What is probate?
Probate is the legal term that describes the process of settling up the estate of someone who has passed away. An heir, family member, attorney, or acquaintance is designated the estate executor (also known as personal representative) by a will, or is appointed by the court, to oversee the probate process.
The courts often supervise each step of the probate process to ensure the affairs of the deceased are handled in an equitable and legal manner. In the case of any discrepancies, violations, or disagreements amongst the heirs or beneficiaries, the courts intervene to determine the best course of action. Once a thorough inventory of assets is established and all outstanding financial obligations are settles, the estate disburses inheritance to the heirs and beneficiaries. At the conclusion of this process, the personal representative petitions the court to close probate.
The personal representative is legally bound to ensure fair and equitable settling of the estate, and oversees disbursement of assets and inheritance. The financial aspects of probate include drawing up a full inventory of all assets, ongoing business interests, property, and debts of the deceased. Taxes must be filed on behalf of the estate, including the final year of income tax, any property taxes, and both state and federal income taxes.
Every estate is unique
Supervised vs. Unsupervised Estates
Estates with a total asset value of $50 thousand dollars or less don’t need to go through the court. Total asset value includes things like property, bank accounts, automobiles, and business interests. Life insurance and retirement benefits are not included in the total asset value of the estate. Follow this link to learn more – Probate Estate Basics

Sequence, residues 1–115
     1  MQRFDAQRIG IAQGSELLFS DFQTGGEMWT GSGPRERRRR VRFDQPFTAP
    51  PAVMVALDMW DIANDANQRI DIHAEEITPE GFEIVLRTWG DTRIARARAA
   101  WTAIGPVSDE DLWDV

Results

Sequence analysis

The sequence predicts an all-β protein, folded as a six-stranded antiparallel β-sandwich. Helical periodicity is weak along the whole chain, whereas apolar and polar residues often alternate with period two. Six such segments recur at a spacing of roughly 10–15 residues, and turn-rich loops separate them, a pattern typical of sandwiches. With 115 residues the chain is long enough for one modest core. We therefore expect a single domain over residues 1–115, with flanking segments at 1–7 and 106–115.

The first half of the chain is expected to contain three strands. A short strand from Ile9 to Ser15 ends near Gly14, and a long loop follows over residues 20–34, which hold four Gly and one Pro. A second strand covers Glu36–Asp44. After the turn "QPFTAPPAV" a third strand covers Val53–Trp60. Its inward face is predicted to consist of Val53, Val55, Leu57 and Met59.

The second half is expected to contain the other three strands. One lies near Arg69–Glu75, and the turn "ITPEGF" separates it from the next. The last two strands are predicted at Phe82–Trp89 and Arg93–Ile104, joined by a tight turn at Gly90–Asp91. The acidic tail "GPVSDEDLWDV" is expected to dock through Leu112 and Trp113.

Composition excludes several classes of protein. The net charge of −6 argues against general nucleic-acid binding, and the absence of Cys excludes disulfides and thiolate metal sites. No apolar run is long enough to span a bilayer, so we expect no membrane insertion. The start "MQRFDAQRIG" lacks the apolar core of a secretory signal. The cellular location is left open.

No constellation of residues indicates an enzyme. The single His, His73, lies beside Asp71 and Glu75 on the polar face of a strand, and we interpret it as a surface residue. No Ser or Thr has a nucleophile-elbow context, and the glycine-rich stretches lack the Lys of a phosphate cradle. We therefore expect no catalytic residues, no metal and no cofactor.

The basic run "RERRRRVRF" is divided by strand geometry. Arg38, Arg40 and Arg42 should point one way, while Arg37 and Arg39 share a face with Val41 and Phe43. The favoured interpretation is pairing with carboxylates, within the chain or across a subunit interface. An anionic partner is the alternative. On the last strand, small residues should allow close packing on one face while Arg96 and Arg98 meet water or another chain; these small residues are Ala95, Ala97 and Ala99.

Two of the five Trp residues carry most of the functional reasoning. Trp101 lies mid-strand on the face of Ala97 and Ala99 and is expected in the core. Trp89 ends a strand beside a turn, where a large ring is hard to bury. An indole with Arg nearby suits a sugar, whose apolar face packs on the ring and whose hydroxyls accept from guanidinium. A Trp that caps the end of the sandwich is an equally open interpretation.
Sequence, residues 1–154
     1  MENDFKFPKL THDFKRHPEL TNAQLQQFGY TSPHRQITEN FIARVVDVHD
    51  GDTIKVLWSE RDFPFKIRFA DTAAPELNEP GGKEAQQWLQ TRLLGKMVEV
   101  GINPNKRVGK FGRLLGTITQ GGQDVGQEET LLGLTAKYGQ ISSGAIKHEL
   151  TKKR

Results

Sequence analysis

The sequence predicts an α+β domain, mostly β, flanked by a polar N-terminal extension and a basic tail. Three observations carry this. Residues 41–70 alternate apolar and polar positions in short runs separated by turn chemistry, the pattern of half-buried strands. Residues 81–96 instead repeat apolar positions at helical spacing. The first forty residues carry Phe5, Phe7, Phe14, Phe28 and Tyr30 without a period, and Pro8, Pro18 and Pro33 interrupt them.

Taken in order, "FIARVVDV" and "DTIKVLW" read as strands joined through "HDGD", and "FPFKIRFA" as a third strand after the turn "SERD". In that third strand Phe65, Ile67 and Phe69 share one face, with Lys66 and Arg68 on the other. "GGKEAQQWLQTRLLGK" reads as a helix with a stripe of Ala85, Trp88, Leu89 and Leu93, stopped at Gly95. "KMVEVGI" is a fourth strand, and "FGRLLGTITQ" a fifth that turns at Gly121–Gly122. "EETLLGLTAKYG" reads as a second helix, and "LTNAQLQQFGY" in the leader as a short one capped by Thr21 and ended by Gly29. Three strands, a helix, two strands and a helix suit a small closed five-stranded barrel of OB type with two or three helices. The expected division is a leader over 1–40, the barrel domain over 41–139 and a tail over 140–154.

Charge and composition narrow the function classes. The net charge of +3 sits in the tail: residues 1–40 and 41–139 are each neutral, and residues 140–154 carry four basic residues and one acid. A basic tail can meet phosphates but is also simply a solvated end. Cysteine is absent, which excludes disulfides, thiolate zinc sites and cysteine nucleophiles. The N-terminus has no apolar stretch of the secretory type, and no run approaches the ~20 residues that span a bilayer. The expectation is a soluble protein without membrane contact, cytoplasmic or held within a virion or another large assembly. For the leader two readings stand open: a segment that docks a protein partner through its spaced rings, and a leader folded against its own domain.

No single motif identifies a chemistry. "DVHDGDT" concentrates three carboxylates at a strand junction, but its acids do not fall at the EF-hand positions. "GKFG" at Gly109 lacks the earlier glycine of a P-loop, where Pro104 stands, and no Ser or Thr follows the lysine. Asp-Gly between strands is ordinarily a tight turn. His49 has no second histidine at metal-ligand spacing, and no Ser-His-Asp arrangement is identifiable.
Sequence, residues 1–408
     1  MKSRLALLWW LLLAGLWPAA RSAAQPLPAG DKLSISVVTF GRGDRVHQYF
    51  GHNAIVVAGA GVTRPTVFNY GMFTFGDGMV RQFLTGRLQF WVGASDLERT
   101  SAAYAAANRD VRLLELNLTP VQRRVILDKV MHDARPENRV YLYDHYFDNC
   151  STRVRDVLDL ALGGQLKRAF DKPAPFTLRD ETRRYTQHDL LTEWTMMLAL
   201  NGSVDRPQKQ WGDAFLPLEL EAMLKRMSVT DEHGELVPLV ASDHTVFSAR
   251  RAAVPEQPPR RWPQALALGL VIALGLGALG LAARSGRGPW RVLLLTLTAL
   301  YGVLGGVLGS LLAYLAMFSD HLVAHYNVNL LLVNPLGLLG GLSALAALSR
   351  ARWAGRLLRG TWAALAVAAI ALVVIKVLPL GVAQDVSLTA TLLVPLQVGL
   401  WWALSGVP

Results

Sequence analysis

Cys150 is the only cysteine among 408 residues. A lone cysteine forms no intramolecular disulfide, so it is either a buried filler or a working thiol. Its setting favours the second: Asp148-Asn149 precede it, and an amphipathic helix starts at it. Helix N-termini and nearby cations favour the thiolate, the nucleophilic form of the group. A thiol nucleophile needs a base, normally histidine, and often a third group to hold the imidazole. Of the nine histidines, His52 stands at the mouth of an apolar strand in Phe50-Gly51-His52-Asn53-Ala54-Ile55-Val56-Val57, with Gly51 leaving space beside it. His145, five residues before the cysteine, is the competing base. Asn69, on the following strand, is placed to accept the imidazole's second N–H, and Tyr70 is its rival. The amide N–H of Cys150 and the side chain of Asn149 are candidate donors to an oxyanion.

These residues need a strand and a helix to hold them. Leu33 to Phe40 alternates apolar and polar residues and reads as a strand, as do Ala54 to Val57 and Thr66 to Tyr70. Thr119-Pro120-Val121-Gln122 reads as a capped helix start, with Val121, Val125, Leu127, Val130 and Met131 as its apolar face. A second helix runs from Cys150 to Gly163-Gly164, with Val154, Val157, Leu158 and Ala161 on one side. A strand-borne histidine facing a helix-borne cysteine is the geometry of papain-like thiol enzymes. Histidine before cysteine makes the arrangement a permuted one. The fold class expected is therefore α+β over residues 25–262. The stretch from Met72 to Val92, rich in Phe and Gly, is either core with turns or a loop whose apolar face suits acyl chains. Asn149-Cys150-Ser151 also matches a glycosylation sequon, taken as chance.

Will vs. No Will
Estates with wills simplify the probate process. However, if no will is present, the decedent’s estate is considered “in testate,” meaning the court will need to provide supervision and guidance in inventorying and disbursing assets.
Assets Excluded from Probate
Certain assets, such as life insurance payouts or retirement benefits, are excluded from the probate process regardless of the size of the estate. An attorney can provide detailed guidance on how to treat these assets in the context of a specific estate.
Other Probate Considerations
Each estate brings a unique set of circumstance and conditions that impact the way the estate is managed. Personal representatives should seek counsel from an attorney to determine the best course of action when dealing with situations such involving outstanding debt, care for dependents, or contested wills.
Trusts & Estates
One way to ensure beneficiaries receive the most value from an estate is to transfer property into a living trust. Living trusts are easy to transfer, and move outside the probate realm, so they avoid the typical taxes associated with transferring assets to heirs and beneficiaries. The creator of the trust is designated as the trustee. They are in charge of the trust’s structure, the assets included in the trust, and the succession plan for the trust. Often, married couples are joint trustees for their own trust. The person meant to inherit the trust upon the trustees’ death is designated the successor trustee.